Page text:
“The decision to hand out severance letters disrupts the micro economy of the working people, and is already affecting major sections of the country. We believe that Cabinet is duty bound to explain in plain language when the decision to issue severance letters was taken, when the decision to implement the decision to hand out severance letters by GuySuCo became government policy, what were the consultations and deliberations and with whom, what alternatives were discussed, why Cabinet did not consider a more reasonable phased approach, why for instance proposals from citizens’ groups such as the National Farmers Organization for managed diversification were not given any attention and due consideration. Cabinet should also tell the public how much of the yearly subsidy was used to pay super salaries of GuySuCo officials”.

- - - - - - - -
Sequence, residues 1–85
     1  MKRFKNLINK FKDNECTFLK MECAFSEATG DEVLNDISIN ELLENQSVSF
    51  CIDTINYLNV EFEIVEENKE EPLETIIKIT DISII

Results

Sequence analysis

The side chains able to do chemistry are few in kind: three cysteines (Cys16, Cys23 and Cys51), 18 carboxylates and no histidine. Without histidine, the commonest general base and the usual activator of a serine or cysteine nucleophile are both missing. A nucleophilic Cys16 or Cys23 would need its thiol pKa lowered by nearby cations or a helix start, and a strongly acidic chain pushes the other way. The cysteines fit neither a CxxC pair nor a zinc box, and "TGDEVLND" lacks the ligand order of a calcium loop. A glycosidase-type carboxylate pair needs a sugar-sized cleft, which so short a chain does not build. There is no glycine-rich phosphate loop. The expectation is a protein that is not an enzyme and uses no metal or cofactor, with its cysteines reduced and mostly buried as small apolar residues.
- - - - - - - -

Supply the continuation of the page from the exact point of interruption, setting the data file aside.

Needless to say, many of the questions posed by the trio in this column remain unanswered and the government continues to flounder hopelessly in its mandate to breathe life and hope into the communities which came under the cosh when four estates: Wales, Rose Hall, East Demerara and Skeldon were closed. Evidence of this was delivered on Friday via the Director-General in the Ministry of the Presidency, Joseph Harmon. He was unable to provide any useful information on the process for the privatisation of the estates save for a declaration that prospective investors who had “lost interest” in the exercise would be contacted again.
After heady statements by government officials in November, 2017 about extensive interest in the shuttered estates and that 70 expressions of such had been made by companies including Pepsi, this boiled down to five companies presenting formal expressions of interest in November 2018. Only three of the companies were evaluated as two failed to meet all of the requirements and it now seems that some or all had lost interest. Further exemplifying the confused state that the government was in, it restarted several of the shuttered estates to give investors a look at what a going concern was and apparently to produce some molasses which did not meet the grade.